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There's A Conference For People Who Believe The Earth Is Not Round

There's A Conference For People Who Believe The Earth Is Not Round

What's not to love about a gang of people who think that they're smarter than NASA, which is literally made up of some of the smartest guys on earth: the kids who dreamed of being rocket scientists and astronauts but actually grew up to be rocket scientists and astronauts.

Anyway, it turns out that Flat Earthers have managed to extricate themselves from their wank chariots, sorry, bedrooms, and get themselves to an international conference in Raleigh, North Carolina.

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Whether they chose to look out the window on their flights on the way to the event, nobody knows.

One of the brains behind the Flat Earth International Conference is a YouTuber called Mark Sargent, who describes himself as a 'recruiter' for the Flat Earth cause.

"Flat Earth is not something new. I did not invent flat Earth," said the Washington state native, who has written a series of books on the subject, as well as producing documentary films.

"All I did was walk up to a door, point at it [and] say, 'You know what I think it's some really interesting things on the other side of this."

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The event organisers were reticent to say how many people believe in the Flat Earth theory, but said that plenty of people are afraid to 'out' themselves as adherents. Some are of the belief that the earth is a Truman Show-style snow globe, with the North Pole at the centre and Antarctica are the outside.

Credit: Pixabay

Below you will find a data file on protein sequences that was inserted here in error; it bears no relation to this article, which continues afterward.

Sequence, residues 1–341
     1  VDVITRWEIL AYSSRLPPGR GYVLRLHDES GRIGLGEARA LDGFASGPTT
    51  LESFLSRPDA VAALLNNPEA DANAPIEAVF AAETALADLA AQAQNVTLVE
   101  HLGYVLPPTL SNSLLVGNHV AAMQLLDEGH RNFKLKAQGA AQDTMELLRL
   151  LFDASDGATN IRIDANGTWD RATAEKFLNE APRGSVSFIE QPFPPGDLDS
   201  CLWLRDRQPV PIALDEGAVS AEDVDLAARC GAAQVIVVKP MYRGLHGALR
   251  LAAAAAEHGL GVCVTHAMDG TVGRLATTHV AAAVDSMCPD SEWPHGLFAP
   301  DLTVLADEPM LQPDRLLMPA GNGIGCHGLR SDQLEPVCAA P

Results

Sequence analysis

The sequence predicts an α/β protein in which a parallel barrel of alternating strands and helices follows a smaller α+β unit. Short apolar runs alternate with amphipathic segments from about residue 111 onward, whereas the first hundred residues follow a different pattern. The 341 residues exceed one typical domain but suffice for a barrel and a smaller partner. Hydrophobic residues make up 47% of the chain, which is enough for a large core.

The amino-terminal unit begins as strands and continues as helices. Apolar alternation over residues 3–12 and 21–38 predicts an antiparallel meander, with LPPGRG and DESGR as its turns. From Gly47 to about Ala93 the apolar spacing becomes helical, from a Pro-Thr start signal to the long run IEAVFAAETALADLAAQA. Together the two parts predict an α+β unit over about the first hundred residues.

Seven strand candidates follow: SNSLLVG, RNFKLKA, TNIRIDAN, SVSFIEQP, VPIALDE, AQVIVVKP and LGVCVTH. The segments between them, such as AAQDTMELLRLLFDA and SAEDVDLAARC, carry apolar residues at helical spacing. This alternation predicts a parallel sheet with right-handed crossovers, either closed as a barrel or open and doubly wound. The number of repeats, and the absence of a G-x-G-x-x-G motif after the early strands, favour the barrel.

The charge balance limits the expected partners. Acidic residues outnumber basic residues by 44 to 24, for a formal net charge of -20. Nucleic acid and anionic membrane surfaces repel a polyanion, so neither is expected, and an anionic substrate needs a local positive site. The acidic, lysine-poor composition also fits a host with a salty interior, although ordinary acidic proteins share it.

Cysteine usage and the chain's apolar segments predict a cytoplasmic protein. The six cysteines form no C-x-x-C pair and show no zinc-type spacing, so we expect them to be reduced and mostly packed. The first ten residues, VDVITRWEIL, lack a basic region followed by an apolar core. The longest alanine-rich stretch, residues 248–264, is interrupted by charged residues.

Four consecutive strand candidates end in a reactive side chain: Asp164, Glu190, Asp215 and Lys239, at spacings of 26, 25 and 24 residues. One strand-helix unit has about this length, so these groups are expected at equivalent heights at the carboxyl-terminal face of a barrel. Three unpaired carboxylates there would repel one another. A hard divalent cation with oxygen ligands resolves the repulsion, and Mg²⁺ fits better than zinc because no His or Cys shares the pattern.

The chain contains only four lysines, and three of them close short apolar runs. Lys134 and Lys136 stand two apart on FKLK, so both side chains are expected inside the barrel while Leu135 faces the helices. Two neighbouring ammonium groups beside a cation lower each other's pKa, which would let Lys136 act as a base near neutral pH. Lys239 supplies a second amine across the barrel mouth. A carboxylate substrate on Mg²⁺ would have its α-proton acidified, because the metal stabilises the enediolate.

Credit: Pixabay

Flat Earthers aren't all average Joe's either: there are some legit famous people who believe in it.

B.o.B., less of a scientist and more of a rapper, is a noted adherent, while bat-swinging, pedalo-crashing cricketer Andrew Flintoff and far-right reality TV show Tila Tequila are also fans.

Of course, nobody would be so stupid as to put their flat earth beliefs to the test, would they? Well...One Flat Earth fan, Mike Hughes, has built his own spacecraft with the intention of launching himself into orbit (not that Flat Earther believe in orbit, but y'know...), according to the Washington Post.

He's been raising the required $2 million online to take his homemade craft into whatever they think orbit is and claims that he'll be able to do it this year.

So an answer will be found, sooner rather than later.

Topics: flat earth, Nasa, USA

Mike Wood

Mike Meehall Wood is a freelance journalist and translator. He writes for LADbible, VICE and countless sports publications, focusing on rugby league, football and boxing. He is a graduate of Leeds University and maintains a fizzy pop obsession. Contact Mike at [email protected]

 

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